Ladies, Nonethelessby Fran Hoyer
Ladies Nonetheless is a book written to fulfill a long standing promise. When Deacon Fran Hoyer worked as Assistant Chaplain in federal prison, the ladies would ask that she tell people that life for women in prison is not as traumatic as it is portrayed in the media. Their concern is that some of their family members are frantic with worry. Most of the women… See more details below
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Ladies Nonetheless is a book written to fulfill a long standing promise. When Deacon Fran Hoyer worked as Assistant Chaplain in federal prison, the ladies would ask that she tell people that life for women in prison is not as traumatic as it is portrayed in the media. Their concern is that some of their family members are frantic with worry. Most of the women are mothers of young children who have nightmares, picturing their mom in a dungeon. So she promised, "Someday day I´ll write a book about you" and that´s how this book came into existence. The author begins by tracing the steps of how a suburban woman in her 60´s became involved with women in prison. After six years her ministry came to an abrupt halt as a result of 9/11. During this time though she met a wide variety of imprisoned women, from all walks of life, all of whom depended on her for spiritual counseling. They ranged from homeless women who purposely committed minor crimes, just enough to be housed in the prison for the winter months, to a college professor who could never imagine her companion could be involved in illegal dealings. Deacon Fran used notes from her journals, articles written for church newsletters, and memories to give the readers a glimpse of prison life. We read of a woman giving birth in a cell, women on suicide watch, women frightened for their safety, women taking control of their surroundings and most of all, women interacting with women. Some were high profile cases and others unknown to anyone other than their intimate families.
In advocating for the rights of these women, the author points out the many abuses in the system. It poses a social dilemma, they have been placed there by our government for a perceived crime against society, do they deserve to be treated with loving care or with disregard for personal comfort and safety? Most of the women in this particular prison were not yet convicted, they were waiting to be tried. It´s easy not to have compassion for the women as a group, they probably broke the law and now have to pay the price, or as the women put it, "you do the crime, you serve the time." But then, one has the opportunity to pick out individuals, just like the woman next door, or in your church community, and the compassion stirs within. Maybe they should be treated with more respect, given better living conditions, allowed to keep their humanity. This book, then puts human faces on the women for those who will never have the opportunity to sit on a metal framed bunk bed in a cell and comfort a woman who has been abused by family, society and life in general. Many of these women come from troubled backgrounds, neglected and abused by families and seeking affection from any source available. Many have had minimal formal education at best, and yet they survive. Some have come from other cultures and have no idea of being responsible to the government for their behavior. A Chinese woman was indignant that she was arrested for trying to earn money, "It´s not the government´s business what I sell, or how much money I earn." A Latino woman is confused, "I had to do what he said, he´s my husband." An African American woman cries, "I need to care for my kids." A business woman from Europe claims, "I was just trying to do a favor for a friend." A Central American woman protests, "I never knew that I wasn´t born in the United States, no one ever told me." These are the laments heard by Deacon Fran when she would ask a woman about her story, stories that often changed several times in the ensuing weeks. Quite often these women, if given the chance and a good education, could be leaders in their communities. They are bright, inventive, resourceful, but misguided.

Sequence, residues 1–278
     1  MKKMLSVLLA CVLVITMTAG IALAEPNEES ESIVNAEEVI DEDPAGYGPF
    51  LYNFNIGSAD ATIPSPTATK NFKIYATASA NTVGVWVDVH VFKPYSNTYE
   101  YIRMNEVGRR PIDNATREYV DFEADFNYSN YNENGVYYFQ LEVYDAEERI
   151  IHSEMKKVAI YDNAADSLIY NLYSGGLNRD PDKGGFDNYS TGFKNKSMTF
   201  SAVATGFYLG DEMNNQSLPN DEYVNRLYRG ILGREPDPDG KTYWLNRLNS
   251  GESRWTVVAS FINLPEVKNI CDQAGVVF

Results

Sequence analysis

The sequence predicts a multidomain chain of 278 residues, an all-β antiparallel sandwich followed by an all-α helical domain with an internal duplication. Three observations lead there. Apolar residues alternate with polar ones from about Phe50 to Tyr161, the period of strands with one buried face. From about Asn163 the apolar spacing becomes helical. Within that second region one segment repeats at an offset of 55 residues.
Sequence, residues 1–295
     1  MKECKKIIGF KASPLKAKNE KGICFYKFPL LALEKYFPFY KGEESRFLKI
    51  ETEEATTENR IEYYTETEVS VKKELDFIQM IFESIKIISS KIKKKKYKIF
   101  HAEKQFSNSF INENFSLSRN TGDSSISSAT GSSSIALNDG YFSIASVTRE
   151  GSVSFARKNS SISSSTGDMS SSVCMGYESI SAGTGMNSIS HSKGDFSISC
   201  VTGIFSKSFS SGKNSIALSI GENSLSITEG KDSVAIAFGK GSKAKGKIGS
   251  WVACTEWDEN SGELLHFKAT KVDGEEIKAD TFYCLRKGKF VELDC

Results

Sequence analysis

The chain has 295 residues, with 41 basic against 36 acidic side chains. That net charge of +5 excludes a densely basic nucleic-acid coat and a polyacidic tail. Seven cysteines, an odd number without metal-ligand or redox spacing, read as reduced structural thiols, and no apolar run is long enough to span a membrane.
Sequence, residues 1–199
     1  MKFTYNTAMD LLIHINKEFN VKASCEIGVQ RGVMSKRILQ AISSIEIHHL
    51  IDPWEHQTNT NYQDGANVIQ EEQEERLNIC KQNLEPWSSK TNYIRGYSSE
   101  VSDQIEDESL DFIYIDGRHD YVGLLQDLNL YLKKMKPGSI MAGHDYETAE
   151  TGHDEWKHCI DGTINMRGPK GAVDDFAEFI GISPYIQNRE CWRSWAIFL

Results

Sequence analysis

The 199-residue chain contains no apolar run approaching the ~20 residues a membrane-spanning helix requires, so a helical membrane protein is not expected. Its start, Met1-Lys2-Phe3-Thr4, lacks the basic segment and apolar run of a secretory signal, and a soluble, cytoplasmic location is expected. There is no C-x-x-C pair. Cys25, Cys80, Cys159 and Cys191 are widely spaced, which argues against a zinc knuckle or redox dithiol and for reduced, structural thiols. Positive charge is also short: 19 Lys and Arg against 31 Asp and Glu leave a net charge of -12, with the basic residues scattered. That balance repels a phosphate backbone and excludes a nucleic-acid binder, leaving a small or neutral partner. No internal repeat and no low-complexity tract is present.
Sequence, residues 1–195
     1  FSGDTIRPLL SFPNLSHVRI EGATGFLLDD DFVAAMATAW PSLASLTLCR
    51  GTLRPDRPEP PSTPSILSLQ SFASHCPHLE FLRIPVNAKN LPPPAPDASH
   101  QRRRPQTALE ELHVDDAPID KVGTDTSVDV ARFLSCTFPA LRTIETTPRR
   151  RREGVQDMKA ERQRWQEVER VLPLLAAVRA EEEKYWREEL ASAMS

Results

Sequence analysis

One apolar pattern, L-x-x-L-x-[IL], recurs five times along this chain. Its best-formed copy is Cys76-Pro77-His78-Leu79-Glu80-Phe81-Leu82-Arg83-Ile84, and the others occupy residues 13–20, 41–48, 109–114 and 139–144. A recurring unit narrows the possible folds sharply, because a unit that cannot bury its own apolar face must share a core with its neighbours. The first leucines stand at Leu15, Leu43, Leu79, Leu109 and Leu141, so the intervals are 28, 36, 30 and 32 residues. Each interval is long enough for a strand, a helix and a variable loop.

This book gives glimpses into their lives. Their wish is that society does not paint them all with the same brush. That they can avail themselves of education, learn to read good books, and interact with someone who is not abusing, condemning, or avoiding them. Their desire is to someday be a useful, productive, and even respected, citizen. The author brings up the image of ´Moll Flanders´ in contrast to the women she met in prison. This is an image that the media has implanted on our minds of women in prison, or the image of masculine, vicious, self-serving women we see in modern movies. The women Deacon Fran met want to dissolve those images for the sake of their families, the young children and elderly grandmothers at home who live with the fear of never seeing them again. The reader is asked to rethink his or her impressions. Not to judge women who have been abruptly taken from their families, placed in a situation unlike anything they have ever imagined, and forced to live in close quarters with strangers, because after all, they are "Ladies Nonetheless."
- Xlibris Corporation
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